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Burgard, Caroline; Zacherl, Mathias Johannes; Todica, Andrei; Hornung, Julia; Grawe, Freba; Pekrul, Isabell; Zimmermann, Petra; Schmid-Tannwald, Christine; Ladurner, Roland; Krenz, Detlef; Trupka, Arnold; Wagner, Johanna; Bartenstein, Peter; Spitzweg, Christine; Wenter, Vera (2023): Primary presentation and clinical course of pediatric and adolescent patients with differentiated thyroid carcinoma after radioiodine therapy. Frontiers in Oncology, 13: 1237472. ISSN 2234-943X

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Introduction: Differentiated thyroid carcinoma (DTC) in childhood and during adolescence is extremely rare. Pediatric DTC commonly presents with advanced disease at diagnosis including a high prevalence of cervical lymph node metastases and pulmonary metastases. Studies in children with DTC are limited. Therefore, we aimed to evaluate the initial presentation, effectiveness of radioiodine therapy (RIT), and long-term outcome of prepubertal in comparison to pubertal/postpubertal patients.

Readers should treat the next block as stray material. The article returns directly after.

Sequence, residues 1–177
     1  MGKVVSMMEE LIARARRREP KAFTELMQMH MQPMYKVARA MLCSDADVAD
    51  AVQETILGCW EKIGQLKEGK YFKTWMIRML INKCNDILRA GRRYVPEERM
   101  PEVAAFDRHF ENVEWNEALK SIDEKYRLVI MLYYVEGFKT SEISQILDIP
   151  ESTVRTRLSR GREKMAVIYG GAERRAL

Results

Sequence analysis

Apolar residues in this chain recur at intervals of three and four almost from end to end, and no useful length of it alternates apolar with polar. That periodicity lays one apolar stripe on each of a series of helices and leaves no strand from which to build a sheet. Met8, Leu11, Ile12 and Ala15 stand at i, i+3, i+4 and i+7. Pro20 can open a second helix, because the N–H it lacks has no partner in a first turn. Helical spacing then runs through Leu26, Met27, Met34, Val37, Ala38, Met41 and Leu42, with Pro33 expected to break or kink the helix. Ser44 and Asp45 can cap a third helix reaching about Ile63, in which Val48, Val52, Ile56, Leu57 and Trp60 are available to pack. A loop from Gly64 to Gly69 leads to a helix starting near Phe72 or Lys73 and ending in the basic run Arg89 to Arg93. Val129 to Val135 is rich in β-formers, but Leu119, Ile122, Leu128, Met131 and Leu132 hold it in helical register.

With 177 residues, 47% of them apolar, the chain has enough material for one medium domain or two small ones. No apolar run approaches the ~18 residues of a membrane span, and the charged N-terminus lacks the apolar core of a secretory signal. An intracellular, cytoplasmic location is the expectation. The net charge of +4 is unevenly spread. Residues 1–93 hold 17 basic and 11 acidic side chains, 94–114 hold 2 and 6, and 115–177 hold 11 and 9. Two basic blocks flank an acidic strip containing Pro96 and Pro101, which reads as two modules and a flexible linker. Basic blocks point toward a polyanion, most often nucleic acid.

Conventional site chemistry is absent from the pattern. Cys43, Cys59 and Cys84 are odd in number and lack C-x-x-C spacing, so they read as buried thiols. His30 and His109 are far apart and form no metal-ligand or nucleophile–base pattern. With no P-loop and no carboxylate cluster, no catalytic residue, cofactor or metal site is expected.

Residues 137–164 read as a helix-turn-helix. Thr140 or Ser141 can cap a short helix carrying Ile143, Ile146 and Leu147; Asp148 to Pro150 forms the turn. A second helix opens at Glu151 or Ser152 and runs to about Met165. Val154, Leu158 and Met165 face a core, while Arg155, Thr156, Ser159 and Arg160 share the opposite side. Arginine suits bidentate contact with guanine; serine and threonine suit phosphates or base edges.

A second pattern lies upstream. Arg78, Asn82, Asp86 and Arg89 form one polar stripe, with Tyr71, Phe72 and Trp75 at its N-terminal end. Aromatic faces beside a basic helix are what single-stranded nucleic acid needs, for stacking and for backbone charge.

Methods: Eighty-five pediatric and young patients aged 6.4 to 21.9 years with histopathologically confirmed DTC were retrospectively included. They all underwent total thyroidectomy followed by RIT. Initial presentation and outcome of prepubertal and pubertal/postpubertal patients were compared 1 year after RIT, during follow-up, and at the last visit of follow-up.

Results: Prepubertal patients presented with significantly higher T and M stages. One year after RIT, 42/81 (52%) patients still presented with evidence of disease (ED). During follow-up of a median of 7.9 years, prepubertal patients were less often in complete remission (58% vs. 82% in pubertal patients). At the last visit of follow-up, 19/80 (24%) patients still had ED without statistical differences between the two groups (42% prepubertal vs. 18% pubertal/postpubertal, p -value 0.06). None of our patients died disease-related over the observed period.

Conclusion: Prepubertal children with DTC presented with a more advanced tumor stage at the initial presentation. During follow-up, they present more often with ED. However, at the end of our study, we did not observe statistically relevant differences in patient outcomes between the prepubertal and pubertal/postpubertal groups.

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